Hidden Connections: John Newton

Converted to the anti-slavery cause

John Newton was born in Wapping, London. He was sent away to school which proved to be an unhappy experience for him. By the age of eleven he was serving on his father’s ship sailing to the Mediterranean. Later he was press ganged onto HMS Harwich eventually being exchanged for a merchant seaman. He resumed life in the maritime trade working on the West African coast buying slaves. For a time he was ‘enslaved’ himself and forced to work on a plantation.

In 1747 he was rescued and returned to England on a ship called the Greyhound. The ‘Greyhound’ traded in gold, ivory, beeswax and dyer’s wood (an ingredient used in the dying industry). In 1748, once again on board the 'Greyhound' on its way across the Atlantic from Brazil back to Liverpool, Newton and most of the rest of the crew survived a terrible storm at sea which lasted from March 10 until April 8. During this ordeal he prayed, for the first time since childhood, to be saved. Commentators believe that this 're-awakening of his faith’ ultimately led to his evangelism.

The ship sustained severe storm damage over a two week period and was blown further off course towards the north of Ireland. Almost miraculously the storm abated long enough for them to put down anchor in Lough Swilly where they had no choice but to wait for the vessel to be made sea worthy.

Before very long John Newton was to experience yet another brush with death. He was invited by the Lord Mayor of Londonderry to be his guest at a shooting party during which his own fowling piece accidentally discharged destroying his hat and not his head. This second near-death experience convinced Newton that God was watching over him and during the remainder of his time in Londonderry while he waited for the 'Greyhound' to be repaired he is said to have prayed twice daily in St Columb’s Cathedral, which may even have inspired him to write one of the most popular hymns in the English language – ‘Amazing Grace’.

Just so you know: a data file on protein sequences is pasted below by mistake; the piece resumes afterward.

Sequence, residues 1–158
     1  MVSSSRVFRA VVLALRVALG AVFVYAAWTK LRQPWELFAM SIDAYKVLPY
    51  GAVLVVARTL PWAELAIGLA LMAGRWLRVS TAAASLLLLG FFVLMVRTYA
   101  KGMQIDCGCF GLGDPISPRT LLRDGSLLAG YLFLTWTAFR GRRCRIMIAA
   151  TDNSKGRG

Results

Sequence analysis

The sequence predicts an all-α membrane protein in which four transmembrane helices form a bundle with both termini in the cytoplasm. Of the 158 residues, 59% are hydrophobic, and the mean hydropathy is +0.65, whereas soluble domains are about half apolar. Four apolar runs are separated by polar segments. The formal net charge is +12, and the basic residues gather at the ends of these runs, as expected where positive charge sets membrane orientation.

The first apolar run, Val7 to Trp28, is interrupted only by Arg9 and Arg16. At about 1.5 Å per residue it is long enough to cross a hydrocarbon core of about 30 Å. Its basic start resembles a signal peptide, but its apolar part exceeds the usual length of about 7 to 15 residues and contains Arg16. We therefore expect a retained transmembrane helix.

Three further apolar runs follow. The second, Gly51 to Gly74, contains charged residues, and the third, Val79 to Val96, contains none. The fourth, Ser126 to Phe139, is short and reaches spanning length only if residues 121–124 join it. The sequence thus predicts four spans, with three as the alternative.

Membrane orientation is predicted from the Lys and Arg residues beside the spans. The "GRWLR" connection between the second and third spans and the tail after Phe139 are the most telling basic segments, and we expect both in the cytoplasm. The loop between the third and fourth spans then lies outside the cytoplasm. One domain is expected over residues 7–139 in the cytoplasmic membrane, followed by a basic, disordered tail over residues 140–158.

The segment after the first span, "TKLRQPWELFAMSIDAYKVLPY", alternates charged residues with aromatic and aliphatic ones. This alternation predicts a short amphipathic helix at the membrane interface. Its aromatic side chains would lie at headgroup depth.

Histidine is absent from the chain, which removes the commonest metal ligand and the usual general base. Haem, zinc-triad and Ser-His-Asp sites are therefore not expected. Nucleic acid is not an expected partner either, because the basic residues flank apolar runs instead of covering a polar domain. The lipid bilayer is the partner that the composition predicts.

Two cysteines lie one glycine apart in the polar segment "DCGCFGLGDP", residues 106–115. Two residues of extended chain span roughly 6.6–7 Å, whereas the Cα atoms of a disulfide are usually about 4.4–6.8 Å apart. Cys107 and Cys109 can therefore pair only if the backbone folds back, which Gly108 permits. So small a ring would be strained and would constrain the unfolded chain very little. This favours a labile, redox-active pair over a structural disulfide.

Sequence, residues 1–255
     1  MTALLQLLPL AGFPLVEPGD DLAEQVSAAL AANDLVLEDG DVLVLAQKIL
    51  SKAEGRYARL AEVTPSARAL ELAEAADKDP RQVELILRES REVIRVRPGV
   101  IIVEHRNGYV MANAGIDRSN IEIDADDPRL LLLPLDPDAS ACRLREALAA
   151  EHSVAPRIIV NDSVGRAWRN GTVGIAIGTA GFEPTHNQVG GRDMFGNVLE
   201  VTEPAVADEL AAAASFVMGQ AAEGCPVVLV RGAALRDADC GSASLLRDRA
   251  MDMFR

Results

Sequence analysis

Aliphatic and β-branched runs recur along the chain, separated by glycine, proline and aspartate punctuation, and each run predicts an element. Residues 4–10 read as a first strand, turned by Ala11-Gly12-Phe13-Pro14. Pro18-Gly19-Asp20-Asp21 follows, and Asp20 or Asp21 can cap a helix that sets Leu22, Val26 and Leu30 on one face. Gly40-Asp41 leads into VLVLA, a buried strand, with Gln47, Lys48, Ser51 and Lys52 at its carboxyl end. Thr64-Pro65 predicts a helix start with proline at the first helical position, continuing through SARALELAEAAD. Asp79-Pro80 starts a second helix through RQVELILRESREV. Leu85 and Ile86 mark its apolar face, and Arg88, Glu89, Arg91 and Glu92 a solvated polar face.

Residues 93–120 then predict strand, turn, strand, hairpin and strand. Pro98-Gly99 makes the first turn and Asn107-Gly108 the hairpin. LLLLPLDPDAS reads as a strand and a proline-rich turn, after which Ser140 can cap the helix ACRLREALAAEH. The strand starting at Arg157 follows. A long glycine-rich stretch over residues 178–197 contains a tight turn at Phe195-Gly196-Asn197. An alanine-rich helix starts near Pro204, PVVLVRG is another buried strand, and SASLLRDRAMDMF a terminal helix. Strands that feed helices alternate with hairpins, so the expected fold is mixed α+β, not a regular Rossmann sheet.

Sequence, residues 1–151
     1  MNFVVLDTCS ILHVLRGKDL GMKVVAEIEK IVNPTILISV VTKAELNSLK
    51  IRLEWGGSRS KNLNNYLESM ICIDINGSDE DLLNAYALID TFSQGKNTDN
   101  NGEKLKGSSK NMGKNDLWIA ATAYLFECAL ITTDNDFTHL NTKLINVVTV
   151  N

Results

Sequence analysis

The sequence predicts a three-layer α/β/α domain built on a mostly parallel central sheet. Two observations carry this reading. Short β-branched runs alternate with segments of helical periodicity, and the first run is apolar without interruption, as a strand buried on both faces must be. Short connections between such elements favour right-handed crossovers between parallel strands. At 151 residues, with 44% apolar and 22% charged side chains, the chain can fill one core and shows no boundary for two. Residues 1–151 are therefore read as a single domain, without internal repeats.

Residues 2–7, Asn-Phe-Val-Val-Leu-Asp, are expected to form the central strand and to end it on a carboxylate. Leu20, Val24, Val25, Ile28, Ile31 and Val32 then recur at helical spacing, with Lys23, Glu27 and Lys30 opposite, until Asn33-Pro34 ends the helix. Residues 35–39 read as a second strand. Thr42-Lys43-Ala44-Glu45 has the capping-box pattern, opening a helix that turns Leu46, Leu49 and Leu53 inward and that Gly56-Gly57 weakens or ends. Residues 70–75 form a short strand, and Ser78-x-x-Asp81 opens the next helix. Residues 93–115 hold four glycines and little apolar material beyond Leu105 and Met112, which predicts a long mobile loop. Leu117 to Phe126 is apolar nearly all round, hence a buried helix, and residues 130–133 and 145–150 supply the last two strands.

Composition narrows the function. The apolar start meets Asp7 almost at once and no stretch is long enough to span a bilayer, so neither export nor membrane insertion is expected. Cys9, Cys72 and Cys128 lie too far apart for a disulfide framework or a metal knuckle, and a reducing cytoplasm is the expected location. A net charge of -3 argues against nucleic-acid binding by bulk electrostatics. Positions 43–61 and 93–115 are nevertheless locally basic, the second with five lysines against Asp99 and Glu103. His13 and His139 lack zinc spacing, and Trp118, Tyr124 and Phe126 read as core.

Portrait of John Newton

John Newton

(Courtesy of the Cowper and Newton Museum, Olney, Buckinghamshire)

John Newton (1725 - 1807), a one time slaver, underwent religious conversion, and conversion to the anti-slavery cause. His near shipwreck on the 'Greyhound' which found refuge in Londonderry in 1748 played a part in this process. He went on to write ‘Amazing Grace’.

Stained glass window depicting the Greyhound 

The Greyhound

A stained glass window depicting John Newton’s ship the Greyhound from the church in Olney, Buckinghamshire.Hidden Connections: click to view previous articleHidden Connections: click to view next article

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